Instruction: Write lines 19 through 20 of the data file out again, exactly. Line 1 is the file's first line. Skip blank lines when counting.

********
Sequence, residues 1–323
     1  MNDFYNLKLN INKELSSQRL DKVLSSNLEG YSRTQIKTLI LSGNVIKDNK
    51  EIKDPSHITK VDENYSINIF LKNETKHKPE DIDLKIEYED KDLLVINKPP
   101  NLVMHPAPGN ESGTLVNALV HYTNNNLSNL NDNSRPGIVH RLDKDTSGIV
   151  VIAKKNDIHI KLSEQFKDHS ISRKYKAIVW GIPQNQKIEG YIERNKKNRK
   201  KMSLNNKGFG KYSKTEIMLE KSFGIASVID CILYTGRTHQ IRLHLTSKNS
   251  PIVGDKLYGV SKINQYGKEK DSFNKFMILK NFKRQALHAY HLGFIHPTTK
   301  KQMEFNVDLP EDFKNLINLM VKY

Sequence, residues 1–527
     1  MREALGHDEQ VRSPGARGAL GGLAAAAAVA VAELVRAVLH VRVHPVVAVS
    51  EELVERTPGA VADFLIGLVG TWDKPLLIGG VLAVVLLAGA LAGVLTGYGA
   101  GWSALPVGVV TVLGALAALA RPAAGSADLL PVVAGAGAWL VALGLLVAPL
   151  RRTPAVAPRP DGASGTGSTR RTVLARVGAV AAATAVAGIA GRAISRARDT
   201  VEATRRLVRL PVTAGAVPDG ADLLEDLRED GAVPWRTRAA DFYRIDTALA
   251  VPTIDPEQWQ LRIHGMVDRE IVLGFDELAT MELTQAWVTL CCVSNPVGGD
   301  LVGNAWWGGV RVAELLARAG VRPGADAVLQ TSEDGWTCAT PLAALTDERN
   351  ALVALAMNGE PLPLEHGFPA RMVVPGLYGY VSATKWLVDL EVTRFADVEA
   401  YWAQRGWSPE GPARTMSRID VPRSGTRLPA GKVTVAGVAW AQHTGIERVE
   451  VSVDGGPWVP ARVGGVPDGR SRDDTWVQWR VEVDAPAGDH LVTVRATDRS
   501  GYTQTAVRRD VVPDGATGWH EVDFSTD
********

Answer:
   451  VSVDGGPWVP ARVGGVPDGR SRDDTWVQWR VEVDAPAGDH LVTVRATDRS
   501  GYTQTAVRRD VVPDGATGWH EVDFSTD